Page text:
the beginning.  When dealing with very large messages over less
   reliable connections it is possible for substantial resources to be
   consumed by repeated unsuccessful attempts to transmit the message in
   its entirety.  Messages are getting larger on average.  Wireless
   connections, which are much more likely to be lost in normal use, are
   becoming more common.

   Secondly, a connection that is lost after the client has transmitted
   the message but before it receives the server's final reply can
   result in a duplicated message.  This problem is described in
   [RFC1047], which recommends that servers should minimize the time
   between receiving the last of the message data and sending their
   final reply.  However it is often preferable to analyse the message
   data for spam and viruses at this point so that the server can avoid
   taking responsibility for an undesirable message, and this can be
   time consuming.

   Furthermore, the problem is worse for clients that try to make the
   most of high-latency connections.  The minimum time for an SMTP
   transaction is normally one round trip, since the client has to wait
   for all outstanding server replies after sending the DATA command
   [RFC2920].  If the client's messages are smaller than the amount of
   data it can transmit in a round trip, i.e. the bandwidth*delay
   product, then the connection is sitting idle for some of the time.  A
   client can work around this problem by using multiple concurrent SMTP
   connections, or by using the SMTP service extension for large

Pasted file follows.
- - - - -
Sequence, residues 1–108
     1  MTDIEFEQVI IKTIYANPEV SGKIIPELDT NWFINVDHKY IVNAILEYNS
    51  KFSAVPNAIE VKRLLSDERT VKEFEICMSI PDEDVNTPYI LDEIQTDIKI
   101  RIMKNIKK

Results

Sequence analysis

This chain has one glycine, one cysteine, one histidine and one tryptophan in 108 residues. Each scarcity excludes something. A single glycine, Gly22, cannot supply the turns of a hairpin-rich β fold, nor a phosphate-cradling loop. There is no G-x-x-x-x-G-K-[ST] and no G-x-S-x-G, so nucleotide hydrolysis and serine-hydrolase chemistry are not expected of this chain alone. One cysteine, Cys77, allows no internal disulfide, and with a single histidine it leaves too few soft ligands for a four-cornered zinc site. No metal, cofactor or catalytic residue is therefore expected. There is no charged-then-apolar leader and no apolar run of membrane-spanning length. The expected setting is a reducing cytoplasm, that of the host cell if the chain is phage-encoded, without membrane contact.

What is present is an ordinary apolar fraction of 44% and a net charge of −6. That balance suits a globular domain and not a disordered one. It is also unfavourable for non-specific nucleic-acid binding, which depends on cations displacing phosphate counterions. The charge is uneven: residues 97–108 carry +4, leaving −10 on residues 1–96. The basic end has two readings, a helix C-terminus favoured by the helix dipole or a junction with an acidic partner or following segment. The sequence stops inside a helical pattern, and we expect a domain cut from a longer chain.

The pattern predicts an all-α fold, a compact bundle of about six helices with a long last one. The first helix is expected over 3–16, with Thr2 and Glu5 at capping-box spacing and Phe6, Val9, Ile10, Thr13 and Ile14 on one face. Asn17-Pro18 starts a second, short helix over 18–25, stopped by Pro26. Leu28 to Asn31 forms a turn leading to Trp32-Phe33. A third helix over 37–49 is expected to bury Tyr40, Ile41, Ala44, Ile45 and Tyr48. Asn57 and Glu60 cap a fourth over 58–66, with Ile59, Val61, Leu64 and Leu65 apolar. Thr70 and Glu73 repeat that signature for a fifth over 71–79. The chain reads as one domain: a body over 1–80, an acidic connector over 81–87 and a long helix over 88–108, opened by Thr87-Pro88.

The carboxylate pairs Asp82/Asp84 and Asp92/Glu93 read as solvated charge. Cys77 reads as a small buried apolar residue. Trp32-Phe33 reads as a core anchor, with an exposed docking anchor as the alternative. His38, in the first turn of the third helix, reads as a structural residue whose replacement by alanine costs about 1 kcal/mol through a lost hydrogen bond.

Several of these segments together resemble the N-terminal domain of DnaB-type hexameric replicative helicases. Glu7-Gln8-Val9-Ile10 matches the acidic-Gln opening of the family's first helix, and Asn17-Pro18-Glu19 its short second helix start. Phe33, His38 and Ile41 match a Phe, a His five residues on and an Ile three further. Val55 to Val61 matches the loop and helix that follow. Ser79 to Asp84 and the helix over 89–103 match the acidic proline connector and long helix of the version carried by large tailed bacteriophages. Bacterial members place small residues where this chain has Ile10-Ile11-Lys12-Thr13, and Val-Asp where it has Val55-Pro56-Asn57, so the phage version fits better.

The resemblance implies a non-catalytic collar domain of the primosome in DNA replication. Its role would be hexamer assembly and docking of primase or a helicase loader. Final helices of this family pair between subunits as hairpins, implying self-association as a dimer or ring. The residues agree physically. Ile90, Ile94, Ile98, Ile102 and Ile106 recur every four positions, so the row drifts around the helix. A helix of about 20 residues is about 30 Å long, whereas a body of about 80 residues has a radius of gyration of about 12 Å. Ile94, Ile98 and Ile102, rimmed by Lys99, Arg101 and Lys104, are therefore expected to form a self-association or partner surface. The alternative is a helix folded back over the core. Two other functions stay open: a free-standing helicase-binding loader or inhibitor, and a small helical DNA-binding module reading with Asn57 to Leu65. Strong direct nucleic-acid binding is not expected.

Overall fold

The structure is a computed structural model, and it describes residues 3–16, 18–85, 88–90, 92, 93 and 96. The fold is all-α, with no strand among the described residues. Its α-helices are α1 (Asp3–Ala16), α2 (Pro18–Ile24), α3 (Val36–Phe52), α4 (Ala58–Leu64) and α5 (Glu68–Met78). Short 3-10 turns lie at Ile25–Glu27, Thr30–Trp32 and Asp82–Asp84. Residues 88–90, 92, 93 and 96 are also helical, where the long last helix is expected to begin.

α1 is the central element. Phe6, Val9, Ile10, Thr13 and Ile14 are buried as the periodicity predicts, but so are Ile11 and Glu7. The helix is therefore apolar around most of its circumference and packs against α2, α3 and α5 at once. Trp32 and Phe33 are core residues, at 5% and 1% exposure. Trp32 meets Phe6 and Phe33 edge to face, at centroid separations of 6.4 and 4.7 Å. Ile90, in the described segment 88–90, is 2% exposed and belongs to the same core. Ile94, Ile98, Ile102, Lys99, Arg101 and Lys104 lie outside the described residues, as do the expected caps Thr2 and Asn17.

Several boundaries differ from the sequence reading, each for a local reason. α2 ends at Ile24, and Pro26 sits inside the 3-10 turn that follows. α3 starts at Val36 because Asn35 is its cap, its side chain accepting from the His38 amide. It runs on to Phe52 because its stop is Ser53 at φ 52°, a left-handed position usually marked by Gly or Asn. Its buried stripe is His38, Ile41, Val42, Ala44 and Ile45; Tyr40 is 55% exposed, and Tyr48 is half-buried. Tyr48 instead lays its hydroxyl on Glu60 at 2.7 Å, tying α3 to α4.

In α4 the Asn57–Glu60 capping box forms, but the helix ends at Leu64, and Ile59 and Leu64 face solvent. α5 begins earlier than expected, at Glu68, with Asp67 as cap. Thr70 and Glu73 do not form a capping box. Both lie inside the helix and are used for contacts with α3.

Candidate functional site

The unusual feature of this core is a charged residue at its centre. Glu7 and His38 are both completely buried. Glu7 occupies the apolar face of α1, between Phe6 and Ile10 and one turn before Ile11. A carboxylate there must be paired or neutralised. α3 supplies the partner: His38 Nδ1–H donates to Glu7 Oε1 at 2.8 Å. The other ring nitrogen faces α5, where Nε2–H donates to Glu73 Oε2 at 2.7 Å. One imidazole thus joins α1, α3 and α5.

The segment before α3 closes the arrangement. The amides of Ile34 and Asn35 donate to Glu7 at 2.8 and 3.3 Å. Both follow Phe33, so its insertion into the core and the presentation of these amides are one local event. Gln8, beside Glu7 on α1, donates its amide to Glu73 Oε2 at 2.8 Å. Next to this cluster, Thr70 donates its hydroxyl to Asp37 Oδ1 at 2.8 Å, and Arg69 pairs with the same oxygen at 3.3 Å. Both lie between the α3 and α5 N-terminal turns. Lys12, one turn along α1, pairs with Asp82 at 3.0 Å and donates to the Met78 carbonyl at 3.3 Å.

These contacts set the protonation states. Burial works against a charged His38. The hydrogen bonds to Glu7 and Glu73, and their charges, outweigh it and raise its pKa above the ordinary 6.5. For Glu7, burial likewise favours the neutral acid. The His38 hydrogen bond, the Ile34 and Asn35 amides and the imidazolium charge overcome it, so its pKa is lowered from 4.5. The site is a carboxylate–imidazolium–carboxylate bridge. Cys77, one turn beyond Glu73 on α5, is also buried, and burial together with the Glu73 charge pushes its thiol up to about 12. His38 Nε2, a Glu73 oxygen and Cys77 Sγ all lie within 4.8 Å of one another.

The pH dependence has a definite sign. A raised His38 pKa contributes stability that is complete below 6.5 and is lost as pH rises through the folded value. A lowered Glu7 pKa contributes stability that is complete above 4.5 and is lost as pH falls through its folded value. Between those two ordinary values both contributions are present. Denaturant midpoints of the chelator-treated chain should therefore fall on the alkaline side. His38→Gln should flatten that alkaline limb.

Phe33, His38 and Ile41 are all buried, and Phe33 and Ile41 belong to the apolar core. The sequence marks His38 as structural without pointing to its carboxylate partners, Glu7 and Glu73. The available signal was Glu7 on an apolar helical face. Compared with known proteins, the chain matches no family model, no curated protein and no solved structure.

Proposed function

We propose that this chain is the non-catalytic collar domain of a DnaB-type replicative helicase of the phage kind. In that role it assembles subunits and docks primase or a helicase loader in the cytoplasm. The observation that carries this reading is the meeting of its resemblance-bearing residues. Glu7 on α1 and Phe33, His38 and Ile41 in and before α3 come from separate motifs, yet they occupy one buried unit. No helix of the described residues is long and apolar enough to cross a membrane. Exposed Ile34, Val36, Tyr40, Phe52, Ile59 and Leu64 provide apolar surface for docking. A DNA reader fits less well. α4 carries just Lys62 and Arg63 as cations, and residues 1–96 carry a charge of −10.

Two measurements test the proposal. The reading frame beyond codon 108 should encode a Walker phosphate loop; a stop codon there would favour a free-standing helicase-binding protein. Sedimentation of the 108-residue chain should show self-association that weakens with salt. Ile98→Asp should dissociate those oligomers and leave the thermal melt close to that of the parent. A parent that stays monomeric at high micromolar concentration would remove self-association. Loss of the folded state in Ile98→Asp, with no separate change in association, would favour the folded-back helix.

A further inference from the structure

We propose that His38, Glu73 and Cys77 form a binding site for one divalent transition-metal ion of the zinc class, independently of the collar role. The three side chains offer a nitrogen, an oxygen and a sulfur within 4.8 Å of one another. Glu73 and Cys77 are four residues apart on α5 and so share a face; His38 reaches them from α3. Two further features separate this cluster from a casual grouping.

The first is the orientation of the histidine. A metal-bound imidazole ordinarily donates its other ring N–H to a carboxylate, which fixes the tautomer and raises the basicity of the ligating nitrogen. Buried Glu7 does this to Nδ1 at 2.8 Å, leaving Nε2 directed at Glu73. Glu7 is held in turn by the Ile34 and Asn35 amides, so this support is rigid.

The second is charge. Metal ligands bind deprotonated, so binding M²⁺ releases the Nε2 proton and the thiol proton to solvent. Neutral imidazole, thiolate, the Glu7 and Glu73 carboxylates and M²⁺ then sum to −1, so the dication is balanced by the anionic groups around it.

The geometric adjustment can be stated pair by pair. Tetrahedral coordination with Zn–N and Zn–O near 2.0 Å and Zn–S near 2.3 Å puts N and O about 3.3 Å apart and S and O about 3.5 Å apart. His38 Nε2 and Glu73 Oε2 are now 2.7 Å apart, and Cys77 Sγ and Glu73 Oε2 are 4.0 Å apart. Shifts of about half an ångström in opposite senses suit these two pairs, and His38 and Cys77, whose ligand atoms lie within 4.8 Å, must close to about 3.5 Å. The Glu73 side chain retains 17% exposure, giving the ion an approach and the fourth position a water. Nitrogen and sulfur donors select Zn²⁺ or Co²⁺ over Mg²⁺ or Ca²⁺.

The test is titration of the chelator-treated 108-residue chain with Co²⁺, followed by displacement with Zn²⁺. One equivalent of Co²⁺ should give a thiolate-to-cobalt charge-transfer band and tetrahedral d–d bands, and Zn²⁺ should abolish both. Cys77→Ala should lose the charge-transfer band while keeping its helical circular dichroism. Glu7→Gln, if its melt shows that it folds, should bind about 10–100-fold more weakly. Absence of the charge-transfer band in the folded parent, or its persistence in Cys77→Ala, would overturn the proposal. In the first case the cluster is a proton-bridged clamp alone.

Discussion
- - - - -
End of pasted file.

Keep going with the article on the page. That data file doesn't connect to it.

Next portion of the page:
messages [RFC3030].  The latter eliminates pipeline stalls so the
   client can stream multiple messages to the server while waiting for
   replies.  However, with both work-arounds, one loss of network
   connectivity means multiple messages will need retransmission and may
   be duplicated.

1.1.  Overview

   This memo provides a facility by which a client can uniquely identify
   a particular SMTP transaction.  The server stores this identifying
   information along with all the information it receives and sends as
   the transaction proceeds.  If the connection is lost during the
   transaction the SMTP client may establish a new connection and ask



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   the server to resume the transaction.  The server tells the client
   how much message data it saved from the interrupted transaction.  The
   client can then perform an abbreviated transaction, repeating only
   those commands to which it did not receive replies, and transmitting
   only message data that the server does not yet have.

   These problems were originally tackled by the SMTP service extension
   for checkpoint/restart [RFC1845].  However it has a number of
   limitations (Section 3.3) so this memo describes the similar but
   improved SMTP service extension for checkpoint/resume in Section 2.
   We address backwards compatibility in Section 3 by re-defining
   checkpoint/restart as a modification of checkpoint/resume.  Finally,
   Section 4 gives proper consideration to the security implications of
   these extensions.

1.2.  Terminology

   The key words "MUST", "MUST NOT", "REQUIRED", "SHALL", "SHALL NOT",
   "SHOULD", "SHOULD NOT", "RECOMMENDED", "MAY", and "OPTIONAL" in this
   document are to be interpreted as described in RFC 2119.

   The "message envelope" comprises the SMTP MAIL and RCPT commands.
   The "message data" is transmitted using the SMTP DATA command, or
   alternatives such as the BDAT command [RFC3030].

   An SMTP "transaction" is the sequence of commands necessary to
   transmit a message, i.e. a message envelope followed by message data.
   It starts with a MAIL command and ends with the server's "final
   reply" to the last of the message data, or with a reset.  The
   server's final reply in an LMTP (local mail transport protocol)
   transaction can comprise more than one per-recipient sub-reply
   [RFC2033].  A "reset" is caused by the RSET, HELO, or EHLO commands.

   The metalinguistic notation used in this memo corresponds to the
   "Augmented Backus-Naur Form" defined in [RFC4234].  Rules not defined